The result has been an orgy of filing, refilling, stacking old journals into the loft, redesigning workspaces and generally creating some form of order. The process has taken the best part of three days and has cost money (furniture, the selection of which was a project in its own right) but is now complete. The family are on tender hooks as all and any material has its proper place, surfaces are clean and all files, drawers, etc. are properly labeled. They know of course that over the next month or so the system will degenerate and that paternal requirements for order will loose energy and vehemence. It will take time and will be caused by a mixture of rapid entry and exits between flights and the basic fact that life changes. The ‘taxonomy’ of my artefacts is now optimized to January 2006, but by the end of the year it will have as many exceptions as it has conformities, and will again require some form of restructure.
The process served to remind me of a key aspect of human systems, namely that we like mess and do so for good evolutionary reasons. We all know someone whose desk is always cleared every night, whose books are alphabetically arranged and whose wall bears regimented certificates of achievement, calendars with multicolored codes and a token (but disciplined) pot plant or two. You might find them useful, but would you let your child marry one? The reality of life is that order does not survive the advance of time, context confuses categories and an excessive adherence to structure can prevent new opportunities being seized. We shift and move between order and unorder with alacrity. The act of degeneration into chaos and consequential restructuring involves processes of forgetting and remembering that are themselves a facet of knowledge creation. The messy piles of paper and books had coherence to me for an extended period of time, before it disintegrated. I knew the pattern of where things were, even if the formal and visible structure of the last major reorganization had been lost, and although I could find things, the process of discovery also brought about accidental discoveries of useful material. The massive reorganization has done the same. The human ability to move from order to unorder is a process of continuous encounter with the unexpected: a natural process of innovation.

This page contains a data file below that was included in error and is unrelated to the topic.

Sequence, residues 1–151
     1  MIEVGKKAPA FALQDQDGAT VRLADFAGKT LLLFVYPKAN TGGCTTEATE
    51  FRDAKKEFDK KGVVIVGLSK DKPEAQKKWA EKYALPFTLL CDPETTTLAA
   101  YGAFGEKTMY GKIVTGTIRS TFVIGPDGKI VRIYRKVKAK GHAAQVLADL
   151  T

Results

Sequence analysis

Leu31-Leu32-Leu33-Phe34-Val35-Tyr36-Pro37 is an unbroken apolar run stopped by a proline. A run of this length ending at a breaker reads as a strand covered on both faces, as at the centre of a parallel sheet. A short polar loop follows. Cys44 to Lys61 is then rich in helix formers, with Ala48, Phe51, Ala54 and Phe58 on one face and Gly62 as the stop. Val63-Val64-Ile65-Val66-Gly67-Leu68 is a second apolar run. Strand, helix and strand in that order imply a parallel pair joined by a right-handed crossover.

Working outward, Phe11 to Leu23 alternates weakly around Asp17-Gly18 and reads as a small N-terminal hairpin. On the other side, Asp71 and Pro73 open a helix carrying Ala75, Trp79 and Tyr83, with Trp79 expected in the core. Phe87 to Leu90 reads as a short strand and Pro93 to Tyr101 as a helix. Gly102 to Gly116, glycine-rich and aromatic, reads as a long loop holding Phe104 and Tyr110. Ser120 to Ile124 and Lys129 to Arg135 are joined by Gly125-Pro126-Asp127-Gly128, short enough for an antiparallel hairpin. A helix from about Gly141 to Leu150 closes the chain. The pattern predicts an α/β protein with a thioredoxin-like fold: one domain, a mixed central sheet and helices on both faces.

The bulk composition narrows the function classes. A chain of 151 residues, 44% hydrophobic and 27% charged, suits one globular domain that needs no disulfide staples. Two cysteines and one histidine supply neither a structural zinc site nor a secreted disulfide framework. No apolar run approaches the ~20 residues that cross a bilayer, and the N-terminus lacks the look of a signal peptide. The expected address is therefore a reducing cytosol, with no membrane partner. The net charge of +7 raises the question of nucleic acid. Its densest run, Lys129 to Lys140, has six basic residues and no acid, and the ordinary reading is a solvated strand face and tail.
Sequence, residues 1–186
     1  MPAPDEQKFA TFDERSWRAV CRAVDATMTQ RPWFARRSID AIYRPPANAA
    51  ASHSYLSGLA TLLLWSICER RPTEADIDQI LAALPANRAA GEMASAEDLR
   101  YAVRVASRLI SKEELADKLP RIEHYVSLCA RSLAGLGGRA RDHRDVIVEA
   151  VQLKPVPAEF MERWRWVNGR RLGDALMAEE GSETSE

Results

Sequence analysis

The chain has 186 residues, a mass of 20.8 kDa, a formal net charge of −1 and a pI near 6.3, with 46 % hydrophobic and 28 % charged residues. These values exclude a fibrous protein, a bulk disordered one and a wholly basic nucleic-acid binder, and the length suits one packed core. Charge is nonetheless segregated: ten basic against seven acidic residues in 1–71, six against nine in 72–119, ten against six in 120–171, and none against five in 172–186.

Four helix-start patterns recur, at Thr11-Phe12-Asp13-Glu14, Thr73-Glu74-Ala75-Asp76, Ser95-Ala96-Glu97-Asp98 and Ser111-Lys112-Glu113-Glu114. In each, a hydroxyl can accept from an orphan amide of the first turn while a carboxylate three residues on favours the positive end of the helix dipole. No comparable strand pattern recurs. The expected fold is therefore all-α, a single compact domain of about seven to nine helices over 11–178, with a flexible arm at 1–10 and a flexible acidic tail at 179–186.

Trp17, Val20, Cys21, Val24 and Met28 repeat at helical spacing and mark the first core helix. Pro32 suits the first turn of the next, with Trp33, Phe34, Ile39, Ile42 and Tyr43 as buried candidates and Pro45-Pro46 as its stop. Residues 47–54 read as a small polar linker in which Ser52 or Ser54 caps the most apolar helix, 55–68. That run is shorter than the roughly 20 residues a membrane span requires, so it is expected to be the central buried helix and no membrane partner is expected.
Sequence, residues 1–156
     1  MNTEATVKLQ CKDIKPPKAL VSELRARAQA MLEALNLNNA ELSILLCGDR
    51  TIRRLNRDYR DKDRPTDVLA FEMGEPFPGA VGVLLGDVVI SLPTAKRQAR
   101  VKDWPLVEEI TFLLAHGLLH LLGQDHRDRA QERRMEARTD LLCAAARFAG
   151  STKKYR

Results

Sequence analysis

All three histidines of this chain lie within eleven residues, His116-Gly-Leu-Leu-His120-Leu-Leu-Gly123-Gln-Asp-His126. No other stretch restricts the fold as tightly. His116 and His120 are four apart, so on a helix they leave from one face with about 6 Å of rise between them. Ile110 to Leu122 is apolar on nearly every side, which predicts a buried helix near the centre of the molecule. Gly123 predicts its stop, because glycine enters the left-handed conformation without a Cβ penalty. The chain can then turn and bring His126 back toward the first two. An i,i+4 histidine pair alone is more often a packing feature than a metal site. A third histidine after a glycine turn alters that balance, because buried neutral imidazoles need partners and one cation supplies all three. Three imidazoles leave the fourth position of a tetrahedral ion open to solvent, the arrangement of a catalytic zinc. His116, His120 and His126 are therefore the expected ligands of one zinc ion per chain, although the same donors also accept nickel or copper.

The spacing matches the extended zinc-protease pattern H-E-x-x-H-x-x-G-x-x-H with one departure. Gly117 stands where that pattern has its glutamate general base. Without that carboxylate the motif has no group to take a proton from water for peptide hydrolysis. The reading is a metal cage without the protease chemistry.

A failure to recognize these truths has bedeviled Knowledge Management (KM) practice for some time. You can build a wonderful portal with the best taxonomy in the world but people will still use people to connect with knowledge. I often ask a simple question at conferences: faced with a difficult or intractable problem, would you use a best practice database or find a group of people with relevant experience and listen to their stories? Inevitably people go for the stories not the database. Of course those stories are not fully formed; they are anecdotes, often no more than a paragraph long if transcribed. In effect we manage for serendipity. The word was originally coined by Sir Horace Walpole in 1754 and was suggested by a fairy tale, The Three Princes of Serendip, in which the three heroes “were always making discoveries by accidents and sagacity of things they were not in quest of.” It’s a very significant aspect of practical KM, but also of narrative and complexity practice.
In effect the natural human approach to knowledge harvesting, distribution and creation is to manage for serendipity, placing oneself in a position where one can encounter happy accidents and thereby synthesize new meaning and understanding. Excessive order stifles the opportunities for serendipity and we resist it. The shadow or informal networks of an organization are more powerful than its formal processes. Serendipity is also an important aspect of innovation—just think back through the history of science from Archimedes and his bath to Fleming and the fungus Penicillium notatum and you will see the value of accidents. Narrative is a key aspect of serendipity in human systems, we pay more attention to stories, and metaphor can allow us to assimilate an unfamiliar concept. We know we use stories, and their collection and dissemination is increasingly important in knowledge management and organizational change. However a lot of approaches to the use of narrative in organizations are deterministic. They assume that stories have (or can be constructed to have) specific meaning. In practice narrative is messy, it carries a high level of ambiguity with which comes adaptability and resilience.